Keep Your Head Warm

    Some drysuits, dry tops, and jackets already come with a hood. If yours didn’t come with one, you could invest in neoprene hoods, fleece hats, or a waterproof ball cap, in varying thicknesses. Layering is key to keeping your head comfortable.

    Keep your Feet Warm

    There are water shoes designed for those who frequently engage in water activities. However, these shoes have bulky soles that are hard to fit in a kayak. Unless you find the right size for your feet and kayak, your next option would be neoprene wetsuit boots.

    These boots are available in different styles, thicknesses, and sizes. Aside from keeping your feet warm, they also provide an additional level of protection for your feet.


    Winter landscapes are unbelievably stunning. From ice formations and snow-covered trees to mountains and beautiful sunsets, there are plenty of things your eyes will enjoy when the weather gets colder.

    However, there’s also some risk to cold-weather kayaking, such as hypothermia or even death. But, things will be different if you wear the right cold-weather suit for kayaking.

    Wetsuits, drysuits, dry tops, paddling jackets, dry pants, and base layers are vital to keeping you warm and comfortable during your kayaking adventure.

    Don’t forget to put on something for your head, hands, and feet. If you venture out in complete cold-weather gear and know the safety precautions, you’ll have the best experience you can ever have.

    Kayaking in Cold Water FAQs

    To answer this question, we need to understand the dangers of cold water. Warm air doesn’t necessarily signify that the water is warm. To be sure, you should carry a thermometer with you to measure how cold or warm the water is.

    According to the National Weather Service, survival time is greatly diminished for someone immersed in water below 70 degrees. Immersion in this icy water without good thermal protection can be life-threatening.

    The safe water temperature for kayaking greatly depends on your thermal protection. A thin layer isn’t going to help you much in frigid conditions. You can explore the icy wonderland with your canoe so long as you have adequate thermal protection to keep you warm and dry.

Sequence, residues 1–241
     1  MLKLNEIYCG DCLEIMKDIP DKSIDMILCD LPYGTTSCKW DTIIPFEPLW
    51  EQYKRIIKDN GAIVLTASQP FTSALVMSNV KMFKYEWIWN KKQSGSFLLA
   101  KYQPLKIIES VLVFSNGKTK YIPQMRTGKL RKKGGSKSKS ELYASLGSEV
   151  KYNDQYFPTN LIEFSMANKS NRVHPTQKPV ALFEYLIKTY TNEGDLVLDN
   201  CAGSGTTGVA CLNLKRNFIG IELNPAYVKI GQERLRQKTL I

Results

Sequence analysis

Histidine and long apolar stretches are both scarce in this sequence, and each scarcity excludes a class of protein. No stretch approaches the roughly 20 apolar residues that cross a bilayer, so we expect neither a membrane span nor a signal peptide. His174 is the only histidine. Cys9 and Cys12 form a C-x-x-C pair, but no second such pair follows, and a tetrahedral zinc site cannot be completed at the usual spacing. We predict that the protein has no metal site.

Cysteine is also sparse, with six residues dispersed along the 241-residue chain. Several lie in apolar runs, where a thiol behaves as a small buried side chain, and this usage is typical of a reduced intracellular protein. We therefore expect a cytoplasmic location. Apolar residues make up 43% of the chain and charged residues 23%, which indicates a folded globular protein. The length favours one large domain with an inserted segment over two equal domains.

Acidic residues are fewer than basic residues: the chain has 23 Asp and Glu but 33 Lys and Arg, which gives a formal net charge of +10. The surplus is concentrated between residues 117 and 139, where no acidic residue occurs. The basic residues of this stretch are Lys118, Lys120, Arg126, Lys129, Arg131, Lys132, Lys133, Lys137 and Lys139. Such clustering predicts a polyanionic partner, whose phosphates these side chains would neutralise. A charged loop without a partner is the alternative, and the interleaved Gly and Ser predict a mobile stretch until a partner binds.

While traditional shoes may get the job done for kayakers, more often they also hold a good amount of water so that at the end of your trip, it almost feels like you have a heavy rock tied to your feet. To avoid this, consider getting reliable water shoes. They are water-resistant and drain water from inside the shoes.

    Boots are also becoming a popular option. There are boots designed specifically for kayaking. These boots have rugged soles to provide stability and a good grip. Boots are the best choice for cold weather kayaking as they are warmer than traditional shoes.

    Yes, it is safe to kayak in the winter as long as you observe some safety precautions and have the proper gear:

    • Put on your complete thermal protection. In case your kayak capsizes, you know you won’t get a cold shock as soon as you hit the icy waters.
    • Choose a safe location. Avoid steep river bends and don’t go too far from the shore.
    • Don’t go alone. It’s best to have someone with you who can also help in case of an emergency.
    • Bring safety gear. You never know what can happen on a regular day out kayaking. The least that you should prepare and bring is a first-aid kit, a communication device, and a GPS.